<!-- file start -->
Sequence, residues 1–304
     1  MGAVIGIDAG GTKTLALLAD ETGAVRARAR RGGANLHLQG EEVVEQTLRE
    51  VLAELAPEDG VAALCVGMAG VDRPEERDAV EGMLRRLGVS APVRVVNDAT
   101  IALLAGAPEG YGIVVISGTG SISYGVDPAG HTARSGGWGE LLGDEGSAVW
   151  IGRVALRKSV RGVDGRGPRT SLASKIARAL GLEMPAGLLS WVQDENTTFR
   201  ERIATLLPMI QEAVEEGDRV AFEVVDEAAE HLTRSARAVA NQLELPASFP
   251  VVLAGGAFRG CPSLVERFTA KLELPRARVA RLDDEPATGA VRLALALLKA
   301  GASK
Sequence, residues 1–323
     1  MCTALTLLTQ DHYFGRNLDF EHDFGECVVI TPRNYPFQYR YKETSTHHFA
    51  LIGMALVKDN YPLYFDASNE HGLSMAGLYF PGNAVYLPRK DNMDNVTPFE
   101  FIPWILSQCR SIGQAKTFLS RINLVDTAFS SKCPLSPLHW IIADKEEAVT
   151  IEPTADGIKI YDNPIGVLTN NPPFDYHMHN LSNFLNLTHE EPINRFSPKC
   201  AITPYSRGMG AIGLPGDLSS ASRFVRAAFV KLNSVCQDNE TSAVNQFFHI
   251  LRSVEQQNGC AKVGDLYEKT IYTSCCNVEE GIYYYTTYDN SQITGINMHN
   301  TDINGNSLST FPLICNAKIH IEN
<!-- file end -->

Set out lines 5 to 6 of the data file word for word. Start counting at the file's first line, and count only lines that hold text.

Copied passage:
   151  IGRVALRKSV RGVDGRGPRT SLASKIARAL GLEMPAGLLS WVQDENTTFR
   201  ERIATLLPMI QEAVEEGDRV AFEVVDEAAE HLTRSARAVA NQLELPASFP